So little time

The old lament “So many books, so little time” that allegedly originated from Frank Zappa addresses a problem that the digital humanities hope to alleviate. However, as it begins to fix the problem of time consumption, there are concerns being raised over the research deficiencies that also follow. A close reading is the act of … Continue reading So little time

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Distant versus Close… or not?

The growth of digital tools and methods in the humanities has had implications for the ways scholars think about and interact with texts, what with the emergence of so-called “distant reading” techniques. Relying upon software programs that can scan and/or search for key terms within a given amount of text, distant reading excites certain researchers … Continue reading Distant versus Close… or not?

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In Defense of Digital Moderation

Technology is ever-increasing the ways in which we can view and research cultural artifacts, but is this a good thing? Before the widespread proliferation of the printing word, scholars could study near everything with relative ease. Books were expensive, and there wasn’t many of them. However, after book production exploded, it was far easier for … Continue reading In Defense of Digital Moderation

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What Do We Do: Distantly Read a million books or Closely Read a hundred?

“Close Reading,” as I would envision, would be a dissected analysis of a particular work; this particular work may be poetry, a scientific dissertation, or even an illustration. For example, for many years it has been debated what the song “And Your Bird Can Sing” is really about on the Beatles’ 1966 record, Revolver (debatably … Continue reading What Do We Do: Distantly Read a million books or Closely Read a hundred?

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How Knowledge is Accessed on the Internet by Thuso Motselebane

‘The result of the new filtering in the front is an increasingly smart network, with more hooks and ties by which we can find our way through it and make sense of what we find.’ –David Weinberger The innovation of digital information storage and access has changed the way we understand the body of knowledge … Continue reading How Knowledge is Accessed on the Internet by Thuso Motselebane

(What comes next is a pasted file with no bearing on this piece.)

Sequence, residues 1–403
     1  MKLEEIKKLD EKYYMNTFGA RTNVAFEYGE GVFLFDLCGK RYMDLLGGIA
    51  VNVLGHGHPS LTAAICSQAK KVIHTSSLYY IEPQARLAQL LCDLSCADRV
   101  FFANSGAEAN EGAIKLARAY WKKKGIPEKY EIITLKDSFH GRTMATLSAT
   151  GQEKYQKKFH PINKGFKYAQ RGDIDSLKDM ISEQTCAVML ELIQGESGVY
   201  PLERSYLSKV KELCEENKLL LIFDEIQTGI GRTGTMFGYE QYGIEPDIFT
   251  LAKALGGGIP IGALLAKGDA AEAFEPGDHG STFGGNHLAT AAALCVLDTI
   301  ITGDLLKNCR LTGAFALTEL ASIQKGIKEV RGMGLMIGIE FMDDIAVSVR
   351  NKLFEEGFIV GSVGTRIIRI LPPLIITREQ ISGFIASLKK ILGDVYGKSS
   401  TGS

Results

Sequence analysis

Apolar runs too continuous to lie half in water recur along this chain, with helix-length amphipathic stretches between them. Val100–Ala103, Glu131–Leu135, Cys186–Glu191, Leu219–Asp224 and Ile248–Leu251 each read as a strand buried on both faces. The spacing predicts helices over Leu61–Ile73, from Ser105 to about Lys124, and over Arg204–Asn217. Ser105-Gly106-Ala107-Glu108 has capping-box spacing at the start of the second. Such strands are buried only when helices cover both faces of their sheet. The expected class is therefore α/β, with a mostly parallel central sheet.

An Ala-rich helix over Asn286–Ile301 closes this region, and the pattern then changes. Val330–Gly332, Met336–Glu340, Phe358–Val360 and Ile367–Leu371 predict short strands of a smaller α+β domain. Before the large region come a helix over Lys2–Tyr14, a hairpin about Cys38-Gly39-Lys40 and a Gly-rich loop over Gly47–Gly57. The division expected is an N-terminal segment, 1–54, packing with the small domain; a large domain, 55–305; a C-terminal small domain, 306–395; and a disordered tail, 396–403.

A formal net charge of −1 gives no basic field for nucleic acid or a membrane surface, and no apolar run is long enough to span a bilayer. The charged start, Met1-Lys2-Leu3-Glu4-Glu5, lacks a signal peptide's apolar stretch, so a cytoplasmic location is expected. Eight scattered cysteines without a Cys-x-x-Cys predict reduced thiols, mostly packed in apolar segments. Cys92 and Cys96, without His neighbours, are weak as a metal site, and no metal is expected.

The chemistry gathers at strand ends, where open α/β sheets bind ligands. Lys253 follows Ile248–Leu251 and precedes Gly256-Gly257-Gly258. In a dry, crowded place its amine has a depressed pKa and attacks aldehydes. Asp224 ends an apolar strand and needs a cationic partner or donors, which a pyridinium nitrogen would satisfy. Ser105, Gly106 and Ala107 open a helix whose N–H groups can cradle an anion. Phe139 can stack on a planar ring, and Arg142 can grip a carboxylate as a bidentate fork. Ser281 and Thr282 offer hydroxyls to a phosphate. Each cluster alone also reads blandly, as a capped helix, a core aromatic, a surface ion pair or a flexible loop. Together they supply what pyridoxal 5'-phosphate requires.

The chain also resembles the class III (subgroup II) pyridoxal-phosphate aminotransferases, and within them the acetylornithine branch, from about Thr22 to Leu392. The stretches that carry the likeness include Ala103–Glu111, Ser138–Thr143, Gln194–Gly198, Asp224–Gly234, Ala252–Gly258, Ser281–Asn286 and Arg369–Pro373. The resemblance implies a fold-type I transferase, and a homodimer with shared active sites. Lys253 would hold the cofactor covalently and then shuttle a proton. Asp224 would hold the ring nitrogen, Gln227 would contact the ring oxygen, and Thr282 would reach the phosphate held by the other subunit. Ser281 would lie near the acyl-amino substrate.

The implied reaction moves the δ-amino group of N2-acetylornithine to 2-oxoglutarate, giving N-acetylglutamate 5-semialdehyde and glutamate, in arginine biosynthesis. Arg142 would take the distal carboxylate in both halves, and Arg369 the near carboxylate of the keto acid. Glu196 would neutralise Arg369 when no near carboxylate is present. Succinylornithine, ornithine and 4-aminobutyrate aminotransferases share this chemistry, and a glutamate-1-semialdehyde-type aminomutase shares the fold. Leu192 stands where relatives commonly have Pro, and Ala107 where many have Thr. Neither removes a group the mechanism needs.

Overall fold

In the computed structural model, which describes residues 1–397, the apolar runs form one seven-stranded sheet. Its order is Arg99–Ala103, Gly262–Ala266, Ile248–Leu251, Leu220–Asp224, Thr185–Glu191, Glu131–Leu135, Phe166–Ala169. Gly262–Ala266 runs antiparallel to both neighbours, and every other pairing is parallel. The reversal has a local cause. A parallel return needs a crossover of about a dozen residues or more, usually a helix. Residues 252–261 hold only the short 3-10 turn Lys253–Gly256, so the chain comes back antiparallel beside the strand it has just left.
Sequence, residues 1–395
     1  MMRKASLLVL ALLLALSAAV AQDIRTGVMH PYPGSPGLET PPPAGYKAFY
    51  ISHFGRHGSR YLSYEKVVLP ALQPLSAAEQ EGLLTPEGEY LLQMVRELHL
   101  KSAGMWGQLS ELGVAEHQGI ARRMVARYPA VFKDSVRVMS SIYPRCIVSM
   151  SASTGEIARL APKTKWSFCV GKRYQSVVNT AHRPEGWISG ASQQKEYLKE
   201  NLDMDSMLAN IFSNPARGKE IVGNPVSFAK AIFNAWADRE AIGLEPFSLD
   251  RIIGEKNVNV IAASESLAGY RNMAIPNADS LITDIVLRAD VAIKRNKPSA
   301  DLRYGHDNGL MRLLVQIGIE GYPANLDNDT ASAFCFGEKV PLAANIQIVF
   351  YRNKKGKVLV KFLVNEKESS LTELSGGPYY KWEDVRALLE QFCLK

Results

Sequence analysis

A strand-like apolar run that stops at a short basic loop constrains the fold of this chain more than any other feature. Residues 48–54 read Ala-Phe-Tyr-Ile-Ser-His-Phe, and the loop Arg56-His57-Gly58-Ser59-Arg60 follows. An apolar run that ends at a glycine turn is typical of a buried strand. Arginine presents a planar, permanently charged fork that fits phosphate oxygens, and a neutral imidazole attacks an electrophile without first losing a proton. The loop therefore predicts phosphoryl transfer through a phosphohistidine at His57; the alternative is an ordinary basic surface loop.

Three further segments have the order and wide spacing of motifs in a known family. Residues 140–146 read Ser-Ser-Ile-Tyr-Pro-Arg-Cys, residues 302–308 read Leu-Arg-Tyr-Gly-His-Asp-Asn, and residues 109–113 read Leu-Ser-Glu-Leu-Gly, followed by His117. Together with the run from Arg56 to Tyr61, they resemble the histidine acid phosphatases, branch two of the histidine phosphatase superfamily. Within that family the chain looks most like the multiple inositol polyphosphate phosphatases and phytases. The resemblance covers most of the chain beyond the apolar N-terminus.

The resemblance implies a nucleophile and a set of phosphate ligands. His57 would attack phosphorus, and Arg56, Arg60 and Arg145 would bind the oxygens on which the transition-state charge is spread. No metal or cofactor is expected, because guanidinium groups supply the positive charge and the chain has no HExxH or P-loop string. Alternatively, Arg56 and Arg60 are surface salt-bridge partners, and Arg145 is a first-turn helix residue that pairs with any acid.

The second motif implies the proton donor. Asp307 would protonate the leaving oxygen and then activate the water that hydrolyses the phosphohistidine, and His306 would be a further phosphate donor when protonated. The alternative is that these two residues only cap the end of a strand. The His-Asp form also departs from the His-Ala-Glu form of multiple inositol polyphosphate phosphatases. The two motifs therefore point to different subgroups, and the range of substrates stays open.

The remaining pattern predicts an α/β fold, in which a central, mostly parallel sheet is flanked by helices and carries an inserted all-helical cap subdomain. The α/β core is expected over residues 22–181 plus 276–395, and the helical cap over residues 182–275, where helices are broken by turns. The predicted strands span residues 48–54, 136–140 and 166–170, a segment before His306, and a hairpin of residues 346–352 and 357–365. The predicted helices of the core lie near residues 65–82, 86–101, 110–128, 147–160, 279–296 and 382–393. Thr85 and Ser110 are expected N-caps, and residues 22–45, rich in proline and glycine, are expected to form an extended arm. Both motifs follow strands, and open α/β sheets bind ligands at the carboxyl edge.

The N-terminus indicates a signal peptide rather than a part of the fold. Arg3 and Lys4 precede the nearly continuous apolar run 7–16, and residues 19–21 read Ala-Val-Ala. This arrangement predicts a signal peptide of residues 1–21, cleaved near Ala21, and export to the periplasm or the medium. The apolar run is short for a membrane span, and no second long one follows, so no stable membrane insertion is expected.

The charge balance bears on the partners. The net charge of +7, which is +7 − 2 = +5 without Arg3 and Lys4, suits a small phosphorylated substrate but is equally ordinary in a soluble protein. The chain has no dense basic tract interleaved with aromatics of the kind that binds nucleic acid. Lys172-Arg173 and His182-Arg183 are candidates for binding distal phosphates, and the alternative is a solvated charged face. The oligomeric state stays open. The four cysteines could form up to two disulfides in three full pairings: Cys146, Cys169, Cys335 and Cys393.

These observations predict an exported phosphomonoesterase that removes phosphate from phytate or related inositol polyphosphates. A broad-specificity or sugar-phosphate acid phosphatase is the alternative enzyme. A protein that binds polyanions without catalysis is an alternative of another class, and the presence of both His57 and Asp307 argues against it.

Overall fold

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Every Fact Has an Equal and Opposite Reaction

“We are witnessing a version of Newton’s Second Law: On the Net, every fact has an equal and opposite reaction. Those reactive facts may be dead wrong. Indeed, when facts truly contradict, at least one of them has to be wrong. But this continuous, multi-sided, linked contradiction of every fact changes the nature and role … Continue reading Every Fact Has an Equal and Opposite Reaction

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Education

” We don’t have to choose between them. Both have value. The Circle is a lump of qualified, sober experts. The Facebook page is a big, throbbing lump of people who want to talk about Heidegger for whatever reason. The two together form a loosely connected network of people who care about Heidegger. The participants … Continue reading Education

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Post 1

Knowledge is taking on the shape of the Net—that is, the Internet. Of all the different communication networks we’ve built for ourselves, with all their many shapes—the history of communication networks includes rings, hubs-and-spokes, stars, and more—the Net is the messiest. That gives it a crucial feature: It works at every scale. … Of course, … Continue reading Post 1

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The DIKW Pyramid and the Role of Forward Filtering

In short, Expert Labs is a conscious response to the fact that knowledge has rapidly gotten too big for its old container… Especially containers that are shaped like pyramids. The idea that you could gather data and information and then extract value from them by reducing them with every step upward now seems overly controlled … Continue reading The DIKW Pyramid and the Role of Forward Filtering

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Blog Post #1

“Filters no longer filter out. They filter forward, bringing their results to the front. What doesn’t make it through a filter is still visible and available in the background.” While reading and coming across this observation that the author makes, I couldn’t help but to think how true this statement resonates in regards of how … Continue reading Blog Post #1

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